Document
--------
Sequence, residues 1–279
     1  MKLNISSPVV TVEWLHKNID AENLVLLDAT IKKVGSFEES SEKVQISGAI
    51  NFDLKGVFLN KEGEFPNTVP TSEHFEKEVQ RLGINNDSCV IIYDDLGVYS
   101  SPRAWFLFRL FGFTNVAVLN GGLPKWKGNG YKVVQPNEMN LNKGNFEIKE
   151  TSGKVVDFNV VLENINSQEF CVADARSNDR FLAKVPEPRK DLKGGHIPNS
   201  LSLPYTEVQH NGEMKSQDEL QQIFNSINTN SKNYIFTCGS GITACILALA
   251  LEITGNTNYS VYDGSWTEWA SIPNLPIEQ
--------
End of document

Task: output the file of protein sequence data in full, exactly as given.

Sequence, residues 1–279
     1  MKLNISSPVV TVEWLHKNID AENLVLLDAT IKKVGSFEES SEKVQISGAI
    51  NFDLKGVFLN KEGEFPNTVP TSEHFEKEVQ RLGINNDSCV IIYDDLGVYS
   101  SPRAWFLFRL FGFTNVAVLN GGLPKWKGNG YKVVQPNEMN LNKGNFEIKE
   151  TSGKVVDFNV VLENINSQEF CVADARSNDR FLAKVPEPRK DLKGGHIPNS
   201  LSLPYTEVQH NGEMKSQDEL QQIFNSINTN SKNYIFTCGS GITACILALA
   251  LEITGNTNYS VYDGSWTEWA SIPNLPIEQ